• sets the refreshing state to true
  • onRefreshDone callback which will be triggered once the user has finished pulling down
    • sets the refreshing state to false
let (refreshing, refreshing_set) = React.useState(() => false)
let onRefresh = React.useCallback1(() => refreshing_set(_ => true), [refreshing_set])
let onRefreshDone = React.useCallback1(() => refreshing_set(_ => false), [refreshing_set])
// ...
onSkipActivity={() => navigation->Navigators.RootStack.Navigation.goBack()}

Once we have set up our parent component, all that remains is for us to react to the different values of the parent's props in the child component in a useEffect.

React.useEffect3(() => {
if refreshing {
}, (refreshing, requestUpdate, onRefreshDone))

2. Add the events graph

We will display the events in the form of a chronogram.


This chronogram will be used to display all the events day by day.

When the user changes the current week, we will update startDate and supposedEndDate seen above (1. Fetch the events).

onViewableItemsChanged will trigger the events fetch with the new week range.

let onViewableItemsChanged = React.useRef(itemsChanged =>
if itemsChanged.viewableItems->Array.length == 1 {
-> => currentDates_set(_ => wrapper.item))
// ...
// ...

Every time events are fetched, the results are stored in a Map with (startDate, endDate).
When we don't allow the function to fetch new events, it will look in the Map to see if the values has already been fetched and if so it will return the events. You can see this like a store for our events.

Calendars - getEvents
let getEvents = React.useCallback2((startDate, endDate, allowFetch) => {
let res = eventsMapByRange->Map.String.get(makeMapKey(startDate, endDate))
if res->Option.isNone {
let res = eventsMapByRange->Map.String.get(makeMapKey(startDate, endDate))
if res->Option.isNone && allowFetch {
// we filter calendar later cause if you UNSELECT ALL
// this `fetchAllEvents` DEFAULT TO ALL
->FutureJs.fromPromise(error => {
// @todo error!
// setEventsMapByRange(eventsMapByRange => {
// eventsMapByRange->Map.String.set(
// makeMapKey(startDate, endDate),
// None,
// )
// });
->Future.tapOk(res =>
setEventsMapByRange(eventsMapByRange =>
eventsMapByRange->Map.String.set(makeMapKey(startDate, endDate), Some(res))
res->Option.flatMap(res => res)
}, (eventsMapByRange, setEventsMapByRange))
(getEvents, updatedAt, requestUpdate)

As we have already fetched our events in the parent component ActivityOptions, we'll need to retrieve the events already fetched. To do so, we will set the boolean argument allowFetch (3rd argument of getEvents) to false.

let make = (
~today: Js.Date.t,
) => {
let (settings, _setSettings) = React.useContext(AppSettings.context)
let (getEvents, _updatedAt, _requestUpdate) = React.useContext(Calendars.context)

let endDate = supposedEndDate->Date.min(today)
let events =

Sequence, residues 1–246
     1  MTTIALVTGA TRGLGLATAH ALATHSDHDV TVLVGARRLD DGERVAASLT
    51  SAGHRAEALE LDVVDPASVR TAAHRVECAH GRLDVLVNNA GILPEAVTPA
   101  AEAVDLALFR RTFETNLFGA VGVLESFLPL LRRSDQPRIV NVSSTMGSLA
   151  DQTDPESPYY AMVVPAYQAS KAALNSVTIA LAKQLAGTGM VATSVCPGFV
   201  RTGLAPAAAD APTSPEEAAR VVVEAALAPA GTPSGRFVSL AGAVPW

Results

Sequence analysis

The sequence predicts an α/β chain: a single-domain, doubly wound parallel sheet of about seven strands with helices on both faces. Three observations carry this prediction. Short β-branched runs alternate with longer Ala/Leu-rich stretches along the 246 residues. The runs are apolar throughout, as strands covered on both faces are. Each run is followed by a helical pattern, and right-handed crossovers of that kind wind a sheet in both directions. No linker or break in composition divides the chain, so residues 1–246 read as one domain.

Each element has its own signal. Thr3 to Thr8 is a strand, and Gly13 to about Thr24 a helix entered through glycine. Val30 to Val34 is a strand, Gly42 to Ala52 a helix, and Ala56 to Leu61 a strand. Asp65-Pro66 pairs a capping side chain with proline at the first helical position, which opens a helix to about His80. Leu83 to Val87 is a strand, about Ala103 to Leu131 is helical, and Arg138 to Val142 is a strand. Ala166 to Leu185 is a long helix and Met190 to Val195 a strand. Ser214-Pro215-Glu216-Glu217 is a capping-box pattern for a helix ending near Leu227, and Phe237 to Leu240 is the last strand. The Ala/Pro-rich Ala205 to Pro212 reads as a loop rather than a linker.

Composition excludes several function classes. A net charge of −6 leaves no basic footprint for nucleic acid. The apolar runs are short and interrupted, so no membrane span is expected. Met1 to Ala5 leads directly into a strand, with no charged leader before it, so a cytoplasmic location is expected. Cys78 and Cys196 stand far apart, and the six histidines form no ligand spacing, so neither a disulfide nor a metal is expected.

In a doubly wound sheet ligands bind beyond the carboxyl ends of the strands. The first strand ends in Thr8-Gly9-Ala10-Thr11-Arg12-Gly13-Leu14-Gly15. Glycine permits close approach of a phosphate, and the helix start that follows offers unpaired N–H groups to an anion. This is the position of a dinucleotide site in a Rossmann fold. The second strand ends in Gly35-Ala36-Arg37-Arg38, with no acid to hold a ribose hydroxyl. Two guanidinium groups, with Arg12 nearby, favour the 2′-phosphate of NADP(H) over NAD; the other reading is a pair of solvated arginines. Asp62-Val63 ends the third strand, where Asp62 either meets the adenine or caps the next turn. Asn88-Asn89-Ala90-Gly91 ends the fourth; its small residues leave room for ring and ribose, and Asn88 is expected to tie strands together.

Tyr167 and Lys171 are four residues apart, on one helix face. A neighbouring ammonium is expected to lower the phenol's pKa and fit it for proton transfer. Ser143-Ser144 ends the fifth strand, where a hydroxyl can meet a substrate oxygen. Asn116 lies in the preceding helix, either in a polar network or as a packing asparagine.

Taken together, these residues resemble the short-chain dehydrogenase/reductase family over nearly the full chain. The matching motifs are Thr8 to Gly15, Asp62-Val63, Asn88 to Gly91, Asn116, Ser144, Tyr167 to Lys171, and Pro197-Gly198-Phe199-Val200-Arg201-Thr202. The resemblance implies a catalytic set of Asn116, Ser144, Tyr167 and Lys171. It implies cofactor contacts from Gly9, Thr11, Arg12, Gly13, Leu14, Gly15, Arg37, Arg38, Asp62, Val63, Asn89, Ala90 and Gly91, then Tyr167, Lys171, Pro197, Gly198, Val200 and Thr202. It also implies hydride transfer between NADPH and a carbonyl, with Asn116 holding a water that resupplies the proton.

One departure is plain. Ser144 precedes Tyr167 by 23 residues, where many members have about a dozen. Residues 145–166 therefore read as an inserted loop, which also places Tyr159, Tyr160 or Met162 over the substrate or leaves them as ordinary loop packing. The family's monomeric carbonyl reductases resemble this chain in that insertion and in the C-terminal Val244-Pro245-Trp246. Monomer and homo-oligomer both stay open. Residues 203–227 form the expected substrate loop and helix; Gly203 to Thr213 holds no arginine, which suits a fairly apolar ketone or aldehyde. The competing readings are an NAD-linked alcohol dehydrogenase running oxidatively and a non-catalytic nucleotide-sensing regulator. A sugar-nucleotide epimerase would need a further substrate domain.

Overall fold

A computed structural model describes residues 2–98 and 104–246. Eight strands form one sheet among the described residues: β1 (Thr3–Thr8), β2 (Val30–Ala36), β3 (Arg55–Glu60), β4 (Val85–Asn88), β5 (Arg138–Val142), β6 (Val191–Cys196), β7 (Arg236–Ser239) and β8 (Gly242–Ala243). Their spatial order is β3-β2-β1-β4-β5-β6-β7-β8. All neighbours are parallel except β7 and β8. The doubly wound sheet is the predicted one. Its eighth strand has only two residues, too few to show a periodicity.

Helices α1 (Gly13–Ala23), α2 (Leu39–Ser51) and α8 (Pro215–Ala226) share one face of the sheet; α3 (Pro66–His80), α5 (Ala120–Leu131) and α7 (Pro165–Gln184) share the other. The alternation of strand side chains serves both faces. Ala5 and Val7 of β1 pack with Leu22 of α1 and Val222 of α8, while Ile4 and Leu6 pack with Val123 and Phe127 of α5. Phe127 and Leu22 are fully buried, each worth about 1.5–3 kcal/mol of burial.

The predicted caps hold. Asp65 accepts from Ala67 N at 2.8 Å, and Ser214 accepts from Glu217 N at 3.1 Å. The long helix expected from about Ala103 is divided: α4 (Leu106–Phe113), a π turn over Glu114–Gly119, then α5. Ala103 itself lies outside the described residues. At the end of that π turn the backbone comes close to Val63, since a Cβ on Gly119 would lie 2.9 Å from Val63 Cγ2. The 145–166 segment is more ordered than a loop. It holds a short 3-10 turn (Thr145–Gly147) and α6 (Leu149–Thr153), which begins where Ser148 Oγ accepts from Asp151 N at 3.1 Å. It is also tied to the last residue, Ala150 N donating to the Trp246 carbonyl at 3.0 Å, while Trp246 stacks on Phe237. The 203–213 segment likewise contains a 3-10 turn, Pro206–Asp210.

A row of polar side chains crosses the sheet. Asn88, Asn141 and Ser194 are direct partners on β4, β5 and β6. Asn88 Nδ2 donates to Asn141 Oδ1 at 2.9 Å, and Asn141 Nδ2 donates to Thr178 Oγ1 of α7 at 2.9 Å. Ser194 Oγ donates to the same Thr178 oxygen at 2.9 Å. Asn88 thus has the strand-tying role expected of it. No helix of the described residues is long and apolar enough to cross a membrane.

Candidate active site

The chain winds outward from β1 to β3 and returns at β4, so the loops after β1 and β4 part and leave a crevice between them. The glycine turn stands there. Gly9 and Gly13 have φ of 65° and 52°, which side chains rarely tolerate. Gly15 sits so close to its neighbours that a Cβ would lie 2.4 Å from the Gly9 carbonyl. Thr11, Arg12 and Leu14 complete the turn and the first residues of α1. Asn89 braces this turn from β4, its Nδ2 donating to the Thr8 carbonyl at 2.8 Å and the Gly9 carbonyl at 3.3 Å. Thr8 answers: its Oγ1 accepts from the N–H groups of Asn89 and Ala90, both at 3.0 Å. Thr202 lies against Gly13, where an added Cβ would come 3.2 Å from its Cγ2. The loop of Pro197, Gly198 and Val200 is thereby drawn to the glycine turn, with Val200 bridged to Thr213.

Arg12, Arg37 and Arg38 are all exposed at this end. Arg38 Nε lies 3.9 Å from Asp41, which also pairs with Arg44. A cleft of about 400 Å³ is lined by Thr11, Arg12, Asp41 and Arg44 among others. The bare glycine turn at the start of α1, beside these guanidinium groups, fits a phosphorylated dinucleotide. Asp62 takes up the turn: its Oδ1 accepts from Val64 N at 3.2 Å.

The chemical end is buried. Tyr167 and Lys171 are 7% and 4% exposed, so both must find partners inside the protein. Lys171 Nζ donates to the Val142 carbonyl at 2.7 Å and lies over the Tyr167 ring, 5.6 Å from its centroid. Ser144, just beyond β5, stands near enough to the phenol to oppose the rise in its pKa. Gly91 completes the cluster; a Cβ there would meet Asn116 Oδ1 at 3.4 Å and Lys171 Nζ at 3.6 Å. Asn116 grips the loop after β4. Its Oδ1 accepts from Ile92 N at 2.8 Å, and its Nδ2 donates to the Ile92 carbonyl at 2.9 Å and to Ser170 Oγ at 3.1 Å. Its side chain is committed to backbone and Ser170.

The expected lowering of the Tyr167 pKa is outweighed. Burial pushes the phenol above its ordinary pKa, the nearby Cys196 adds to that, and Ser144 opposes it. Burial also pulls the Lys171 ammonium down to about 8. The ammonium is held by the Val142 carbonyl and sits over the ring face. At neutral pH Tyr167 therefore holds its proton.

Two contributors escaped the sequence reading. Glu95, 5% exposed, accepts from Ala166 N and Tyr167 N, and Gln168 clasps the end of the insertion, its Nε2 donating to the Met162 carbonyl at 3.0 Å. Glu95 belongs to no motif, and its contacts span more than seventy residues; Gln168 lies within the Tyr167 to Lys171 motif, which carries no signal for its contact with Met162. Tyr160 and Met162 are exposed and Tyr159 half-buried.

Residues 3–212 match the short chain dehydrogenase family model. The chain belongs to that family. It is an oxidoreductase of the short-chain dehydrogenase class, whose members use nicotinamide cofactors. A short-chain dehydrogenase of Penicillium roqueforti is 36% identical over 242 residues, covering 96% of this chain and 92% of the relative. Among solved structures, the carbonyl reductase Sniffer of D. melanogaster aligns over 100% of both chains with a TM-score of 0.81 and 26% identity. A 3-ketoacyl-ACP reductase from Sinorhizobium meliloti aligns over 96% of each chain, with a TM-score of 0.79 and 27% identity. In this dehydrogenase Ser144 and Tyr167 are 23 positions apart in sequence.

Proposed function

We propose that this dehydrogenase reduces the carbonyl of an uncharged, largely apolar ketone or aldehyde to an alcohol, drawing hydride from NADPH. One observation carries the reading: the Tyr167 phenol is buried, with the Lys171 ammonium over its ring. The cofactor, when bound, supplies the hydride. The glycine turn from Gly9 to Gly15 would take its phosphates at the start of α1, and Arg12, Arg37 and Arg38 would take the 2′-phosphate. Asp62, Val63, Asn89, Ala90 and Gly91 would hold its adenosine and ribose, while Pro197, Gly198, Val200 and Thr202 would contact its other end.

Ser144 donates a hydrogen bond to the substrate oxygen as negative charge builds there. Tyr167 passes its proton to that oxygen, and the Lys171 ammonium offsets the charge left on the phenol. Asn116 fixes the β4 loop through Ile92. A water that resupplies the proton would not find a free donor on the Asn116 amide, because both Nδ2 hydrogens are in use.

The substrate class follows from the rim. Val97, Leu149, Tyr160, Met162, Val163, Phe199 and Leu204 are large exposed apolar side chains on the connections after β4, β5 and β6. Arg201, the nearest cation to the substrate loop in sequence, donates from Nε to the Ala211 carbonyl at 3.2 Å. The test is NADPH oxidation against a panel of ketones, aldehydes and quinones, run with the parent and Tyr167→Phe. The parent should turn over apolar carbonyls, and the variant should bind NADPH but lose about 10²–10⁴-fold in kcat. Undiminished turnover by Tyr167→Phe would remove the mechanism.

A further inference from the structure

getEvents(startDate, endDate, false)
-> => event->filterEventsByTitle(activityTitle))

let categoryId = settings->Calendars.categoryIdFromActivityTitle(activityTitle)

<WeeklyGraphDetail events startDate supposedEndDate categoryId />

Now we are going to process our data in order to adapt it to our graph.

We need to group events that occur on the same day together. To do so, we will compute a matrix thanks to the function eventsPerDate which will return our data in the form: (date, (event1, event2...)...)

This function iterates through all the days of the week and tests against the events if it overlaps with the current day.
Note: We also have to handle the case where an event starts on a day and ends the next day. This is the reason why we do Date.max(startOfDate) and Date.min(endOfDate) in code sample bellow.

For each event we compute the starting point and the ending point of the time range.

There is 24 x 60 = 1440min within a day.
We know the available width for our graph, so we can compute a unit which will correspond to 1 minute in our timeline.

unit=availableWidth1440unit = \frac{availableWidth}{1440}

We can now put our ranges in our graph.

let slices = 6
let graphHeight = 160.
let graphLetterHeight = 16.

let (settings, _setSettings) = React.useContext(AppSettings.context)

let theme = Theme.useTheme(AppSettings.useTheme())

// Get the activity color
let (_, _, colorName, _) = ActivityCategories.getFromId(categoryId)
let backgroundColor = colorName->ActivityCategories.getColor(theme.mode)

// Computes the different dates of our week
let supposedNumberOfDays = Date.durationInMs(startDate, supposedEndDate)->Date.msToDays
let dates =
Array.range(0, supposedNumberOfDays->int_of_float)-> =>

let eventsPerDate = React.useMemo4(() => {
let events = events->Calendars.filterEvents(settings)
let minutesInDay = 1440.
let minUnit = width /. minutesInDay
dates-> => {
let startOfDate = date->Date.startOfDay
let startOfDateMin = date->Date.startOfDay->Js.Date.getTime->Date.msToMin
let endOfDate = date->Date.endOfDay
(date, events-> => {
if (
) {
let start =
->Date.msToMin -. startOfDateMin) *. minUnit
let end =
->Date.msToMin -. startOfDateMin) *. minUnit
(, start, end)
} else {
("", 0., 0.)
})->Array.keep(((id, _, _)) => id != ""))
}, (events, settings, dates, width))

Final result

The user can change weeks by swiping to the right or left.

Activity chart
Activity chart

3. Add the events list

We will display the following information about the event:

  • event date in the format: DD-MM
  • event start date in the format: HH:SS
  • event end date in the format: HH:SS
  • event duration in the form of a duration bar

Events list details
Events list

Compute the events duration